26
Sep 14

A sourdough class with Vanessa Kimbell

Sourdough

I am slightly obsessed with sourdough bread at the moment. The fact that it is just a combination of flour, water and salt is something that continues to amaze me. Personally speaking, I am on a quest to eat more natural food – I know I’m not alone in this respect – and sourdough is particularly appealing to me as it is such a natural product. Sourdough bread is also well worth exploring for its health benefits. It’s also ideal for anyone who avoids yeast. Some people who can’t eat wheat or bread at all find that they can eat sourdough. This is something Vanessa explains on her website.

For some months now, I have been playing with making sourdough at home, but have been disappointed with the results, so I decided to visit Vanessa Kimbell’s sourdough cookery school in Northamptonshire to sort my sourdough out.

Vanessa is a food writer, BBC broadcaster and third generation baker, having learnt her trade through baking bread at a French boulangerie every summer for over 30 years. With a deep knowledge of sourdough and a real passion for exceptional quality bread, she makes a first-rate teacher.

Vanessa runs a number of sourdough classes, aimed at anyone with a passion for sourdough, from days for complete beginners to masterclasses with some of the world’s most highly respected bakers – Dan Lepard and Rose Prince are lined up for sessions over the next few months. As I had already started to make sourdough at home, I decided to attend a sourdough clinic class – a chance to bring my starter, bread and as many questions as I could think of to ask Vanessa.

Classes take place at Vanessa’s beautiful Victorian home, which is found in a rural village just a few miles out of Northampton. One of the most special factors about her home is the kitchen garden, and Rocky, her gardener, treated us to a tour during our morning coffee break.

Classes are small – my class had six participants – meaning there is plenty of opportunity to get to know everyone, have a go at everything yourself, and there is plenty of time to deal with questions.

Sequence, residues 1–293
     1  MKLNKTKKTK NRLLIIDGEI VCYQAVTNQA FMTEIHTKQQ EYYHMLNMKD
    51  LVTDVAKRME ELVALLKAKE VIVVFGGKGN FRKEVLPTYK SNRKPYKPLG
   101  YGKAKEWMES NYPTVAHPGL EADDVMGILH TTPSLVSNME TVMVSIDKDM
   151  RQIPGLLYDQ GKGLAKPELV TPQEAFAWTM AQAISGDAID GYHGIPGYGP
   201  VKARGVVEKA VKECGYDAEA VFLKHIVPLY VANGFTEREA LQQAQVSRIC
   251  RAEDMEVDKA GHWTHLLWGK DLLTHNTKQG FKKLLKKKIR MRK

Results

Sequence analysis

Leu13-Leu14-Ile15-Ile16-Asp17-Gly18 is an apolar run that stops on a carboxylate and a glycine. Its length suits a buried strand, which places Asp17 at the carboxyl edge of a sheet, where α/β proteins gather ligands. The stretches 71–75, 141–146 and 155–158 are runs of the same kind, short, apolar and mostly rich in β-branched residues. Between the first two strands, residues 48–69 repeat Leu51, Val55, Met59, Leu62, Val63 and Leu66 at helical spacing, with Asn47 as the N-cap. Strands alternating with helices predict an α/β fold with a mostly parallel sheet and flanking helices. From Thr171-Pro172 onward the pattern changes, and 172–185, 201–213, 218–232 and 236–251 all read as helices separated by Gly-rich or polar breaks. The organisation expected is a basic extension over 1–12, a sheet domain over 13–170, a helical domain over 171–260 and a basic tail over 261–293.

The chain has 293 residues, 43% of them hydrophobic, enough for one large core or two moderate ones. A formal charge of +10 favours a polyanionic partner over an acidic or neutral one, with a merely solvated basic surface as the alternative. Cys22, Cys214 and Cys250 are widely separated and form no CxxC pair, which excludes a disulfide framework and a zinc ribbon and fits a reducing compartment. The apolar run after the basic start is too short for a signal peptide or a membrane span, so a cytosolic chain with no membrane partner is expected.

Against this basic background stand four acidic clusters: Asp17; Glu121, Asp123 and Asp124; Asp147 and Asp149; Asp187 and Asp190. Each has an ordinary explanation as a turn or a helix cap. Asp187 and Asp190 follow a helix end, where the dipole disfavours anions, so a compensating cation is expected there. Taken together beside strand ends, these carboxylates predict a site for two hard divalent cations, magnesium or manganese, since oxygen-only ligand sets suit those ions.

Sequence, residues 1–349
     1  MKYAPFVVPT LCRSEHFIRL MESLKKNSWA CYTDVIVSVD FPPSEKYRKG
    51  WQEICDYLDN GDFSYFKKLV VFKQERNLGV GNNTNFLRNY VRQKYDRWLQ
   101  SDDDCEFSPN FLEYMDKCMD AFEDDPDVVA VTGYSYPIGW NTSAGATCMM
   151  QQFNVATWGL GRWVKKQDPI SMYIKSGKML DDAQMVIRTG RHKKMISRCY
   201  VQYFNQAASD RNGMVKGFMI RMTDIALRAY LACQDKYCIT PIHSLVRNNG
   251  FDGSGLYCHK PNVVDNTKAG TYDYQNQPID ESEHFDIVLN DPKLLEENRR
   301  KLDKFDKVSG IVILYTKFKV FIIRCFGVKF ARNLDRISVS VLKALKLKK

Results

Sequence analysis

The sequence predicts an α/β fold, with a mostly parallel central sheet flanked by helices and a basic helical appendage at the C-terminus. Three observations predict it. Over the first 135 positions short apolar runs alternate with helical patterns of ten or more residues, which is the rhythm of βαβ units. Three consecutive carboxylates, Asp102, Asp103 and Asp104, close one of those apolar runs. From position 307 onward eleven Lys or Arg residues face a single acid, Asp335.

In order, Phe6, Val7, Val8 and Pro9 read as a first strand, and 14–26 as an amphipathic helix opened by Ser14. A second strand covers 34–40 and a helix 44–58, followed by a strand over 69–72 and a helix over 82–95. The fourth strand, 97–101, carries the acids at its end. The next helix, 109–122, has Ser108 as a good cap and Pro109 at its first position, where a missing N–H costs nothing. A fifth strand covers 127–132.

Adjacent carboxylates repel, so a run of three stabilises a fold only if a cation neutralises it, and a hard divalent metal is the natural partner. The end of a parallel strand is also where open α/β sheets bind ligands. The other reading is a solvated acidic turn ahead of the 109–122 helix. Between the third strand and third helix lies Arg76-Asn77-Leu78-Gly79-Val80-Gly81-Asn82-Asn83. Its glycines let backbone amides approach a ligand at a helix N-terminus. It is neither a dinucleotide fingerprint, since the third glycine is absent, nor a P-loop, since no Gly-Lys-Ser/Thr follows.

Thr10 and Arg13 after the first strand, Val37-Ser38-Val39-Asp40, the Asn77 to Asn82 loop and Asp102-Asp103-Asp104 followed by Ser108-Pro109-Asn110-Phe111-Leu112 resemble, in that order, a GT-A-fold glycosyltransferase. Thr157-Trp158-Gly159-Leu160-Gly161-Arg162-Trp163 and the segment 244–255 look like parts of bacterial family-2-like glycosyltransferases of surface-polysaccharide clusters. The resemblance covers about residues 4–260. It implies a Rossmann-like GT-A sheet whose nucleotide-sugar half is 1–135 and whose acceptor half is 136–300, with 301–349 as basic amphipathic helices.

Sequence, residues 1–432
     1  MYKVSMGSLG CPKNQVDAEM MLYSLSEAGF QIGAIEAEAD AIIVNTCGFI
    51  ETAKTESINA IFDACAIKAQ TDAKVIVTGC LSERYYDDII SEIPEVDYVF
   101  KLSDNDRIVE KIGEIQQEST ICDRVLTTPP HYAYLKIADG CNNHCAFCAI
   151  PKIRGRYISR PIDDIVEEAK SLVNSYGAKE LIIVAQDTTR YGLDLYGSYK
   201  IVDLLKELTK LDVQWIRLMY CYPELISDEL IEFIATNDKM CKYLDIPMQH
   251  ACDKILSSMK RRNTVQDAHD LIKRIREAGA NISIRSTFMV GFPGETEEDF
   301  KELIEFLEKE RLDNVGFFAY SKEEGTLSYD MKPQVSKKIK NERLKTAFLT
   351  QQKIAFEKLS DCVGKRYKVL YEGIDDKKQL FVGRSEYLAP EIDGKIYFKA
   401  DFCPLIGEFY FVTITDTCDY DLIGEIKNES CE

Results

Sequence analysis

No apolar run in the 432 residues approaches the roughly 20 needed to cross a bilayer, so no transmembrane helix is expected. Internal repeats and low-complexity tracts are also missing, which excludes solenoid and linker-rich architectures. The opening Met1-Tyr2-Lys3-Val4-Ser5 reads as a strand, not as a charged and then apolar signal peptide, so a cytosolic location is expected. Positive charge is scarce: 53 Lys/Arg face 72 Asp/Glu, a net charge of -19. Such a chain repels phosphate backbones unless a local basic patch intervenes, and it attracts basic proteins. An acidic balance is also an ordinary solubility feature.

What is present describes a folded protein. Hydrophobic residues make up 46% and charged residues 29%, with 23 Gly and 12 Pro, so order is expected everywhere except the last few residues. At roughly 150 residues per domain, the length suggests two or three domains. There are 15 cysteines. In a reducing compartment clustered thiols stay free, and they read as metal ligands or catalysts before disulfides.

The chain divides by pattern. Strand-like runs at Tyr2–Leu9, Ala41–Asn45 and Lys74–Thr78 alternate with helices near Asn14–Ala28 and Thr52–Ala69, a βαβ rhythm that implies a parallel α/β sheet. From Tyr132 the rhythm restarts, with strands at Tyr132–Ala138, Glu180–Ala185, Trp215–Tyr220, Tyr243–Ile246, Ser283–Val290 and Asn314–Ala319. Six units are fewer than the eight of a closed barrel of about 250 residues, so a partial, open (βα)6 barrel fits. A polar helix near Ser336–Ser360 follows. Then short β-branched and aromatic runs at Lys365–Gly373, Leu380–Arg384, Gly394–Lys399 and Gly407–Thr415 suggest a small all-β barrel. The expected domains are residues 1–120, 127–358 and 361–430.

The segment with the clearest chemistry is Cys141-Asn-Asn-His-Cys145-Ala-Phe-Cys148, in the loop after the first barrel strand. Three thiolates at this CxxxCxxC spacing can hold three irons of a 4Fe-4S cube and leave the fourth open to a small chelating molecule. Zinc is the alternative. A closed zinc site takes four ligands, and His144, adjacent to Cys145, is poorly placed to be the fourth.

In just six hours, we covered an awful lot of ground. Starting with some theory surrounding sourdough chemistry, which is very important to know for the best results, to practical aspects of preparing and looking after a starter, to shaping, proving, or fermenting, and baking.

One of the most unexpected but enjoyable elements of the day was being part of a small group of really interesting people with a real passion and interest for sourdough. Although there is a lot to cover in the day, there was time to sit down to a delicious lunch as a group and enjoy a glass of wine and a chat with Vanessa.

Leaving, I felt enthused about sourdough and with the knowledge I need to be able to bake really great bread at home.

A class with Vanessa is highly recommended for anyone interested in making their own delicious bread. Here are some of the things I learnt:

  • Use Organic flour and pure water
  • Use a tried and tested recipe from an experienced sourdough baker
  • Keep a notes from your baking
  • A whole host of ways to control the results, enabling you to make the best loaf you can
  • How to shape your loaf, with plenty of hands on practice
  • How to make sourdough pizza, bagels, rolls and muffins
  • How best to bake sourdough in a home oven using a La Cloche baking dome from Bakery Bits, for the crustiest, most evenly baked loaves every time.

 

For more information on upcoming classes, please see here. Thank you to Vanessa for inviting me to join a class at the school.


25
Sep 14

Hotel du Vin, Birmingham

Hotel du Vin

When searching for a hotel, I always try and look for something a bit different. Unless you choose the most luxurious hotel groups, I often find mid-price hotels a bit, well, uninspiring. I want stay somewhere comfortable but interesting, and where I know I’ll get a delicious breakfast in the morning.

Hotel du Vin is a small chain of boutique hotels that aim to be a little different. The first site was founded in 1994, and the chain has since grown to 15 hotels, situated in major UK cities. Designed to be elegant and unpretentious, but offering convenient city centre locations, great service, excellent wines and delicious foods, I recently paid a visit to the Birmingham hotel to experience it for myself.

An attractive red-brick Victorian building in Castle Street provides the Birmingham home to Hotel du Vin. Walking in from the street, it was clear straight away that this wouldn’t be a run-of-the-mill hotel, with large marble columns and a double-sweep wrought iron staircase framing a glass-ceilinged atrium beyond.

Feeling stressed, I had booked a treatment in the hotel’s spa, and a sat-nav-related confusion meant that I was later to arrive than anticipated, so I just about had time to pop up to my room, before heading back down to the spa. First impressions of the room: very big, and very nicely equipped, with an enormous bathroom, complete with roll top bath and monsoon shower. I hardly wanted to leave.